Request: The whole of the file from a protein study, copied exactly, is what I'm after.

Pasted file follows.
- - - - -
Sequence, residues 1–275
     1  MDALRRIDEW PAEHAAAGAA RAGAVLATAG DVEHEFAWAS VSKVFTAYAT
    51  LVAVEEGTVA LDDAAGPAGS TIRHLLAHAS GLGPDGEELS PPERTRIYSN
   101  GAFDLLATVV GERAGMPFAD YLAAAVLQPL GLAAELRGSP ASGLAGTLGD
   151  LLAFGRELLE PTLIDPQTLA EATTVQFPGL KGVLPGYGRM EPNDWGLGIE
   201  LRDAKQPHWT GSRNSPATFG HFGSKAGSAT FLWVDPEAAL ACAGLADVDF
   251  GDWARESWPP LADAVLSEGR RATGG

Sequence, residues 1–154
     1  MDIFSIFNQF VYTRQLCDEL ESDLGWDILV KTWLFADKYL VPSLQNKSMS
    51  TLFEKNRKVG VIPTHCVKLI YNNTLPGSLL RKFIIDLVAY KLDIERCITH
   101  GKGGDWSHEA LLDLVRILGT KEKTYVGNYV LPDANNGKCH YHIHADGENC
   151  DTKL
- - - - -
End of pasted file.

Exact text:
Sequence, residues 1–275
     1  MDALRRIDEW PAEHAAAGAA RAGAVLATAG DVEHEFAWAS VSKVFTAYAT
    51  LVAVEEGTVA LDDAAGPAGS TIRHLLAHAS GLGPDGEELS PPERTRIYSN
   101  GAFDLLATVV GERAGMPFAD YLAAAVLQPL GLAAELRGSP ASGLAGTLGD
   151  LLAFGRELLE PTLIDPQTLA EATTVQFPGL KGVLPGYGRM EPNDWGLGIE
   201  LRDAKQPHWT GSRNSPATFG HFGSKAGSAT FLWVDPEAAL ACAGLADVDF
   251  GDWARESWPP LADAVLSEGR RATGG

Sequence, residues 1–154
     1  MDIFSIFNQF VYTRQLCDEL ESDLGWDILV KTWLFADKYL VPSLQNKSMS
    51  TLFEKNRKVG VIPTHCVKLI YNNTLPGSLL RKFIIDLVAY KLDIERCITH
   101  GKGGDWSHEA LLDLVRILGT KEKTYVGNYV LPDANNGKCH YHIHADGENC
   151  DTKL